Media Center


Protect Your Business from Social Engineering Fraud

February 24, 2021

The current climate has created an ideal “phishing season” for cyber criminals. They don’t need a license or a tackle box to try to take advantage of many people’s natural trusting nature. Exploiting this trust is easier than hacking your software, so trickery attempts have become commonplace.

According to Crowdstrike’s 2021 Global Threat Report (subscription required), bad actors prey on emotions, and the pandemic has provided plenty of bait:

  • Offers of info on stimulus packages from government and bank loans or other financial assistance.
  • Attacks on the growing number of remote employees.
  • Posing as governmental medical agencies such as the U.S. Centers for Disease Control and Prevention (CDC) or the World Health Organization (WHO).
  • Targeting someone seeking out COVID-19 info testing/treatment/tracing.
  • False offerings of personal protective equipment (PPE).

Social Engineering Fraud (a.k.a. Fraudulent Instruction) involves a bad actor posing as a high-ranking executive, vendor, or client and using email (phishing) to trick an employee into releasing confidential information, money, or other property.

There are other types of social engineering, but the common thread among all of them is the human factor. These increasingly sophisticated attacks are hitting all organizations, large and small.

How Can You Protect Your Business?

Social Engineering Fraud coverage can be found under both Cyber and Crime insurance policies. Since this important coverage is often sublimited, it is a good strategy to add the coverage to not one, but both policies to build up to sufficient limits.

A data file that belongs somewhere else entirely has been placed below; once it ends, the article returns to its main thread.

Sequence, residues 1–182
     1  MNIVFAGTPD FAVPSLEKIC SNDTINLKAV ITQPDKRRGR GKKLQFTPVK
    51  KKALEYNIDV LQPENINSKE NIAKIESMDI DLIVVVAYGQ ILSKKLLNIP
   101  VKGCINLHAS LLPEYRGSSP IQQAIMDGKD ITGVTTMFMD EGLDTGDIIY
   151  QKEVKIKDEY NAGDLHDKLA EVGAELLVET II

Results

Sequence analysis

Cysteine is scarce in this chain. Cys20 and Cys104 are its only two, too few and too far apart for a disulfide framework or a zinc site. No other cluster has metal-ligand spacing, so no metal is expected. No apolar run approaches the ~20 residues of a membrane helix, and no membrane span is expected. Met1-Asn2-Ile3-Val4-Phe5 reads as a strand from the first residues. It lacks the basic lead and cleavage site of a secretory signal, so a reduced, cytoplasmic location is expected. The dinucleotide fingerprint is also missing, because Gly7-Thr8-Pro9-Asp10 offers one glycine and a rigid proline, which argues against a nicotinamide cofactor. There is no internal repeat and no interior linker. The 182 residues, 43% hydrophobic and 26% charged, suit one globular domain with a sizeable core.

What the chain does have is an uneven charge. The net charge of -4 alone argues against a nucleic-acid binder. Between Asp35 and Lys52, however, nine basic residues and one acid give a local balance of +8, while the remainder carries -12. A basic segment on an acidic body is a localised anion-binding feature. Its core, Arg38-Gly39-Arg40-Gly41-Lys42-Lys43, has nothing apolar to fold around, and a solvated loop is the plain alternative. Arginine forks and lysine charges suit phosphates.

While Social Engineering Fraud has skyrocketed in recent years in both frequency and severity, this activity is typically excluded on Cyber and Crime policies unless the Social Engineering Fraud insuring agreement is purchased.

With the hardening insurance market and high claims, carriers are scrutinizing all risks and requiring more information to underwrite the policies. Limits/sublimits are restricted, deductibles/retentions are increased, all while the rates are on the rise. Now, more than ever, it’s important to have strong controls in place.

Consider How Would You Would Answer the Following Questions:

  1. Do you provide anti-fraud training to employees responsible for authorizing payments?
  2. Do payments exceeding a certain amount require dual authorization?
  3. Do you confirm all changes to vendor or client accounts (bank info, phone number, contact info) by a direct call to that vendor using the original vendor phone number and known contact?
  4. Do you require that all changes to vendor or client accounts be approved by management?
  5. Do you have a procedure to verify that incoming checks have cleared the bank prior to performing services or wire transferring funds?
  6. Do you require a separation of duties so that no one employee can control the entire process?
  7. Does your email server use email authentication to detect spoofed email?
  8. Do you regularly perform simulated phishing attacks or other intrusion testing on employees?

If you couldn’t answer “yes” to all of these, it’s good to know that most of these preventative tactics are easy to implement. Add these to your security “to-do” list to put your organization in the best position for insurance pricing, terms, and conditions.

To learn more about protecting your organization against Social Engineering Fraud, please visit our Cyber Risk page or contact me directly:

Tiffany Fronek
Senior Client Manager, Executive Risk


(Sources: 2021 CrowdStrike Global Threat Report)

Note: This communication is for informational purposes only. Although every reasonable effort is made to present current and accurate information, Oswald makes no guarantees of any kind and cannot be held liable for any outdated or incorrect information. View our communications policy.